Paying The Piper


Excerpt: Triangle: A Memoir of Black Caesar


Cassine, Ile de la Tortue, 1712

In anticipation of riches plundered from both the settlement and Chateau Verettes, LaFavre had the buccaneers who remained in camp at Cassine prepare a feast and celebration that would last into the night. Unfortunately, the celebration was over before it ever began. It was easily seen in the manner and expression of the first combatants to come ashore, that things had not gone well on the mainland.  The disaster at Port Mara and the chateau had left little cause for celebration and even less desire. Instead, the mood and air of the camp was filled with tension that created a dangerous quiet around the fires in the evening. Though no one had died and few had been but mildly wounded, there was little plunder to be divided among them, or to pay the buccaneers who had signed on as mercenaries. Now they would have to be paid out of the fleet’s reserves. That, or, in Teach’s way of thinking, they would have to fight for it, a solution that would not be accomplished without heavy losses on both sides.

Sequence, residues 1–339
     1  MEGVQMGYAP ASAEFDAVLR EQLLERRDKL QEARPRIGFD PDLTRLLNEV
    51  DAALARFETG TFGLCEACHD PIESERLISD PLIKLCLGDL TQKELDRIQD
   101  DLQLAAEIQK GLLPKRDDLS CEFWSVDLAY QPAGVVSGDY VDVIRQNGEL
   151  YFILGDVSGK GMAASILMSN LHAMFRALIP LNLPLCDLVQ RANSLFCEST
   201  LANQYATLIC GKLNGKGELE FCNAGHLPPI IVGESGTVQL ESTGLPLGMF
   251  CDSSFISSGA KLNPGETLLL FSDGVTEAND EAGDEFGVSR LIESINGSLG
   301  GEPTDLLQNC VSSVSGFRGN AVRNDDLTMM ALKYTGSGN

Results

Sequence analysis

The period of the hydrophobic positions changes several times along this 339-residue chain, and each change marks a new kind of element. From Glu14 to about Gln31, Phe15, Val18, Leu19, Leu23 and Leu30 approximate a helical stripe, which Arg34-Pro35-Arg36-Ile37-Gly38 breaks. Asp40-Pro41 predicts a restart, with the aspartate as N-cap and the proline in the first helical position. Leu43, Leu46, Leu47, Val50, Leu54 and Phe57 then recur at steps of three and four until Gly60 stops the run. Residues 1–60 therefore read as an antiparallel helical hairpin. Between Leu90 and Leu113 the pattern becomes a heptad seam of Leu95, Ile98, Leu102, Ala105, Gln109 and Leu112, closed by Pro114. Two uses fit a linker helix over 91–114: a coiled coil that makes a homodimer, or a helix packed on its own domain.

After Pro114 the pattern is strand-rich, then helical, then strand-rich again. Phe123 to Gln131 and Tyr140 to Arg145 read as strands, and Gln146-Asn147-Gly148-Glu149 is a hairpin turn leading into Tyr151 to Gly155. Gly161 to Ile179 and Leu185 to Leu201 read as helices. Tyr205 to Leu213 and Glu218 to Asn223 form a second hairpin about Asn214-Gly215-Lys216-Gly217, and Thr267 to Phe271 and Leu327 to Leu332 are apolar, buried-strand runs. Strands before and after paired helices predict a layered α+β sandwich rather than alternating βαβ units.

Jean Paul LaFavre was an odorous man of few words to begin with and was clearly on edge when he joined the Brethren at their circle around the fire this night. He’d come from a lengthy meeting of the buccaneer leadership, already angry at the prospect of his men not being paid for their work. LeFavre worried about the possible consequences of a confrontation between his buccaneers and the pirate crews, as did Henri and Teach. Considering the loose order of the camp and his own advanced age, he was not sure that his tenuous hold on power was strong enough to restrain his men from foolish provocation.